Disclaimer: Persons/organisations mentioned in this story are based on real-life. Any resemblance to persons/organizations living/dead is intentional.
Imagine you run a startup called Super Duper Software Inc and you have a decent dev team. You now need to hire programmers and you see two fresh off the college programmers applying.
First programmer (fake named Aakash) who knows nothing more than a “hello world” program that he wrote in C in the second year of his college. He can’t even write or understand basic for loops or if statements. Any algorithm or data structure he learnt is forgotten the instant he steps out of the exam hall. Unfortunately because of an inefficient interview process you hire him.
The second programmer (fake named Ashok) is also fresh out of college, but is slightly above average programmer for his age, can think logically and who has already worked on other personal/open source projects or has interned with other startups and has done his final year project on his own instead of buying it off the shelf. You hire him too.
You pay both the same salary, say Rs. 25,000 per month. They are under probation for 3 months and would get a raise based on their performance after probation.
Let’s assume they both go through some basic training and they start working on projects. You assign a mentor (fake named: Suresh) to both who has slightly more experience.
Its not tough to guess that Ashok requires very little hand-holding and is productive from Day 1. He churns out code which works, even if inefficient at first and is eager to correct & improve it.
But Aakash is a tough nut to crack and for every problem Suresh has to sit with him and explain how to use basic data structures like arrays or maps and how to iterate through the input data and how to store it so that he can get the output he wants.
Even then he isn’t able to apply whatever he has learned during the training to solve a generic problem. He takes a few hours to solve a very simple problem (say print the Fibonacci series till N) and if the problem is slightly changed to return the sum of all Fibonacci series till N, he is flummoxed. And he takes an equal amount of time to write a program for that.
And don’t even get me started on code reusability, debugability or proper formatting. In other words, he has no clue on what he is doing.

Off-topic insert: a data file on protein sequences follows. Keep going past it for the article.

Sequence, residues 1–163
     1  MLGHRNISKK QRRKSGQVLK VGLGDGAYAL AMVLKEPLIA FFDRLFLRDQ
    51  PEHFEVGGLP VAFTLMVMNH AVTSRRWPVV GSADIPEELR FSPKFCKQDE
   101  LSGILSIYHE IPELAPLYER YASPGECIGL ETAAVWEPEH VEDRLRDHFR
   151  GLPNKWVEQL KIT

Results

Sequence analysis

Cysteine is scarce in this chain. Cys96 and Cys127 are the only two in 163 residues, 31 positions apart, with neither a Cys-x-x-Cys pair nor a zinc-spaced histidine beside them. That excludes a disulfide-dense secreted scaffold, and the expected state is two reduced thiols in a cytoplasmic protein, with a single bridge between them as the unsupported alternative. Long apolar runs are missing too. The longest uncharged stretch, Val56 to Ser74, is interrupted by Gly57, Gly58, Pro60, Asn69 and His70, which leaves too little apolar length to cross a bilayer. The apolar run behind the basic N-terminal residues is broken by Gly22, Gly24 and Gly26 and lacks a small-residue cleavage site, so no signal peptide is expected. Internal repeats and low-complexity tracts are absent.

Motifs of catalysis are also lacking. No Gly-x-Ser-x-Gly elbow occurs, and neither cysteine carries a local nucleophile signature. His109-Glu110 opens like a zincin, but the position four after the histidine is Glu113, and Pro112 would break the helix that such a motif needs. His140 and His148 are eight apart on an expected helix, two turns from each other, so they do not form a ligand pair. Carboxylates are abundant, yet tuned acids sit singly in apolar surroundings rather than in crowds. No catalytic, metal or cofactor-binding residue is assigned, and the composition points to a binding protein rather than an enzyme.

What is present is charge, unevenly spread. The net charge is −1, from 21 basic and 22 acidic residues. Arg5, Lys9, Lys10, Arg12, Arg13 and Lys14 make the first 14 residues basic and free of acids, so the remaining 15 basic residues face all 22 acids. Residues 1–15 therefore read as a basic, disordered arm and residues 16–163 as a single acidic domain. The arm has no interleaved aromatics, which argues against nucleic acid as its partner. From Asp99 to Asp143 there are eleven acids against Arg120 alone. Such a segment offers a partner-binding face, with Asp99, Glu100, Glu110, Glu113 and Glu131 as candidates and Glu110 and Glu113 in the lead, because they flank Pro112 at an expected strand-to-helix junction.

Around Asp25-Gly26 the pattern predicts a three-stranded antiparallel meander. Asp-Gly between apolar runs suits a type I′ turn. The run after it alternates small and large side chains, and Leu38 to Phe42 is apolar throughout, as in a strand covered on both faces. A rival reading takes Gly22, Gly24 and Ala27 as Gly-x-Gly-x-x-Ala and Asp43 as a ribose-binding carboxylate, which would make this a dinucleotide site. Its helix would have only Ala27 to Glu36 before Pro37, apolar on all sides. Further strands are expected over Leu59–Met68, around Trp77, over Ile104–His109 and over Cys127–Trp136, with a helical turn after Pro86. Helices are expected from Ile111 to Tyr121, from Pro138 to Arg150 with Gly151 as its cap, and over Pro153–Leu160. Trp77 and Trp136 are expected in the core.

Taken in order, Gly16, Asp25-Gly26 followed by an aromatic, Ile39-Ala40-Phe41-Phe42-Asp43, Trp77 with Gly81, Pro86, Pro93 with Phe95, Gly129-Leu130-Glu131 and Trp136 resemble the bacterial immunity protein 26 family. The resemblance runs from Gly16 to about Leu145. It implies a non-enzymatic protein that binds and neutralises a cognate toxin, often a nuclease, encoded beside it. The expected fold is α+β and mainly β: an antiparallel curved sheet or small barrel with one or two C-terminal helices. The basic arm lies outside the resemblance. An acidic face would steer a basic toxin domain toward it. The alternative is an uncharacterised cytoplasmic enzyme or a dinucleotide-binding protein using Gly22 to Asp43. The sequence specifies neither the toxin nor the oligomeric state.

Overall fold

On an average, whatever Ashok finishes in say 15 minutes, he finishes in 8 hours (also wasting 2 hours of Suresh’ time). Assuming they both work for 8 hours daily (without counting any break), it is easy to see that Ashok is 32 times more productive than Aakash. Or in other words, the Return on Investment on Ashok is 3200% more compared to Aakash.
Note here that I didn’t even factor in the salary you spend for Suresh’s time wasted, which he could instead work on some other productive task.
Now when it comes to the performance review after probation, it isn’t too difficult to decide who gets the higher raise. Lets say you decide that Aakash gets a raise of Rs.5000 (making his salary to Rs.30,000) then would you give Ashok 32× more than Aakash’s raise? Rs.5000×32 = Rs.1,60,000 (making his salary Rs. 1,85,000)?
Wow Ashok! Congratulations on living in the ideal world!
But in real life, Ashok would also get about the same amount of raise (don’t be surprised if its even lower). Now what would Ashok do? If he was really as intelligent as I described him, he would quit on the spot and go find a better job.
If this process is repeated for all hires, “Super Duper Software Inc” become this barren waste land of below average employees.
Now what could be done to prevent this? Yes, the answer is easy.
Give Ashok a much better raise.
Not 32×, but at least twice as much as you give Aakash. Bonus points if you could find creative ways to encourage him – like review every 6 months, stock options, bean bags, video games, better computers, etc.
What happens to Suresh? He would be super bored because all he sees are people who are sucking his time & brain and soon he would just quit and maybe start his own startup (learning from all your mistakes).
So the ideal solution is to not hire Aakash in the first place and instead use his budgeted salary to hire another Ashok.
Now this isn’t something new that I am saying here. Some one much intelligent than me has already said it years before. And for many startup founders he is almost a God.
A-players like to work with other A-players and don’t want to work with B and C players.
— Steve Jobs
TL;DR: Stop hiring B and C players and hire only A-players. If you can’t afford A-players today, at least don’t go for the C-players.
PS: Damn you interviewer Prakash. Just because you couldn’t say No, you just made Suresh’ life miserable.